Winona is just far enough from MSP (Minneapolis/St. Paul International Airport) that it occasionally leads to some interesting (i.e. challenging) travel situations. While I do my best to alert and remind managers/artists that Winona is 114 miles from MSP, sometimes this bit of knowledge slips by and departing flights for artists are inadvertently booked for 5:00 a.m. the day following an evening performance. The logistical ramifications are obvious and a variety of limited solutions have been put forth over the years to solve these kinds of problems, including leaving for an airport hotel right after a concert, or departing at 2:00 a.m. from Winona to catch an early flight (everyone’s least favorite option!).
Travel issues of another kind also occur when tickets for cellists are booked to the La Crosse airport with the best of intentions, and it is only later discerned that the aircraft flying into La Crosse are too small to accommodate cellos. All string players carry their instruments into aircraft cabins and stow them in the overhead bins. Cellos, of course, won’t fit and thus require that a separate seat be purchased (always a window seat). However, even with a dedicated seat, these aircraft are still too small to accommodate a cello (thus cellists must use MSP). The trade-off for all of this fussing is that string players always get to play their own instruments whereas pianists always have to adjust to whatever piano is made available to them (there are very rare exceptions to this where certain pianists are known to have their own pianos flown or trucked from venue to venue – very costly indeed!).
My favorite MBF travel story was when Branford Marsalis came to the Festival for the first time in 2008 and was traveling with an orchestra from Brazil. They were on a multi-week tour performing some 35 concerts, and thus travel was by motor coach. Branford was traveling separately in his own coach and was at least an hour ahead of the orchestra. Branford arrived at the hall as planned and was going through his pre-concert preparations, but the orchestra failed to appear. It turned out that they had put the wrong address into their GPS, and instead of arriving at the Winona Middle School, they in fact drove to my home. Now, I live in a semi-secluded neighborhood with no outlet, tucked in the bluffs of Winona. I was at the hall with Branford and my wife called me to say, that when she looked out the front window, it appeared that there was a Brazilian orchestra parked in front of our house! Needless to say, this was quickly rectified and they were soon on their way to the venue. Everyone, including the orchestra members, had a good laugh at that one.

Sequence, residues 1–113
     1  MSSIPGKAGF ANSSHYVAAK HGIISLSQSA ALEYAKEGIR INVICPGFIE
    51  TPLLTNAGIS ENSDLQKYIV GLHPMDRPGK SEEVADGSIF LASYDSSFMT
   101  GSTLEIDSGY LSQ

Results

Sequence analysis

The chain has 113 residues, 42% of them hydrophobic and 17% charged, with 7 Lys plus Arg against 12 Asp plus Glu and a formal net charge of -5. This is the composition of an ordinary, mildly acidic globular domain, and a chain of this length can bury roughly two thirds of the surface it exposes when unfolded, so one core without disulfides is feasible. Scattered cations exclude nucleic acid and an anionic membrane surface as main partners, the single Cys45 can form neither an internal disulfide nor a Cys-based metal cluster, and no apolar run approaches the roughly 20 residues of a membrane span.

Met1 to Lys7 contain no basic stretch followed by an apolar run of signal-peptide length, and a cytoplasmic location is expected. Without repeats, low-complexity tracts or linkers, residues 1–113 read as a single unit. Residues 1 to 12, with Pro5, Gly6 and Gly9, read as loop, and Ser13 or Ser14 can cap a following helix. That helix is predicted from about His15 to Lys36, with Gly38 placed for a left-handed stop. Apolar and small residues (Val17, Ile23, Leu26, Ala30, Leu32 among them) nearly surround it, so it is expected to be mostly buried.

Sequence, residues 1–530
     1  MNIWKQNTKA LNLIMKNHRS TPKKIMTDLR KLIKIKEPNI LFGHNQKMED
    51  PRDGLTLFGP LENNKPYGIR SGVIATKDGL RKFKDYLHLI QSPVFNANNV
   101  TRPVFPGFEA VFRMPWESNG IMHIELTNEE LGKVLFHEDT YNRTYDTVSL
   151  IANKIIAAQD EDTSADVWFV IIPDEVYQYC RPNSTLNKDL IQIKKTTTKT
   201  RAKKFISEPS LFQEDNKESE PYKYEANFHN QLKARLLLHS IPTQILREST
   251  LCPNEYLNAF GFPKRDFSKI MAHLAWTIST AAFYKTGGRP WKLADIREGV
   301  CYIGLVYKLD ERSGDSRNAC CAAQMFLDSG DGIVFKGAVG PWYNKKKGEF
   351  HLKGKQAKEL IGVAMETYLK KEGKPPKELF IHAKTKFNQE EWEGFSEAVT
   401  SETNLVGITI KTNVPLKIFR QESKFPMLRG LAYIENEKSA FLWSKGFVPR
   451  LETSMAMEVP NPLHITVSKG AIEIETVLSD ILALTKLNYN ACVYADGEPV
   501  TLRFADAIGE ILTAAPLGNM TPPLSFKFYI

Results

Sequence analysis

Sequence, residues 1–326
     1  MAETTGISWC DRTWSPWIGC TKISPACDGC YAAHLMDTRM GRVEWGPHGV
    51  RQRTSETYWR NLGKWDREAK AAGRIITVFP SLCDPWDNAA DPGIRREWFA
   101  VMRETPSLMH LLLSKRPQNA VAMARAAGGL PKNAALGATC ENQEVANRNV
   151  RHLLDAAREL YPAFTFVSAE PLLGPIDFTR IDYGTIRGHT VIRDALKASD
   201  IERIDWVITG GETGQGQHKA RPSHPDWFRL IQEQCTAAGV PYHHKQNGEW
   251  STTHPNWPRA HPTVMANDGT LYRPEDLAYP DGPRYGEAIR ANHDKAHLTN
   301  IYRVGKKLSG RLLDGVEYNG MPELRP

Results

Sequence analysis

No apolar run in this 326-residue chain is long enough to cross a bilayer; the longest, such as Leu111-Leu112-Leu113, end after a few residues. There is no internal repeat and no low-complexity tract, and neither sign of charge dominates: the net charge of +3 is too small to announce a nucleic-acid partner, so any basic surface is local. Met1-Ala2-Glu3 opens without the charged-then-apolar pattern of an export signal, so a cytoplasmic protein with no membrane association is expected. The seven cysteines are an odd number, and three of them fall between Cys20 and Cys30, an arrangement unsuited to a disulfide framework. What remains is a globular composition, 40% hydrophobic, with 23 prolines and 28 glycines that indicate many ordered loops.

On another occasion, when Yo-Yo Ma performed at MBF, due to the logistics of his five-week tour, it was decided that the easiest way for him to get to the Festival was to fly by private jet directly to Winona. He was traveling with his pianist, road manager, and two family members. To accommodate everyone, two SUVs were needed, and as a matter of pure chance, both vehicles were black. So, with the visuals of a spy movie, there I was with my MBF colleague, parked on the tarmac of the Winona airport, with two large black SUVs, as we watched a small private jet circle the airport, land, and taxi right up to the vehicles. Out bounded Yo-Yo and the beginning of an extraordinary weekend in MBF history.
– Ned Kirk, Artistic & Managing Director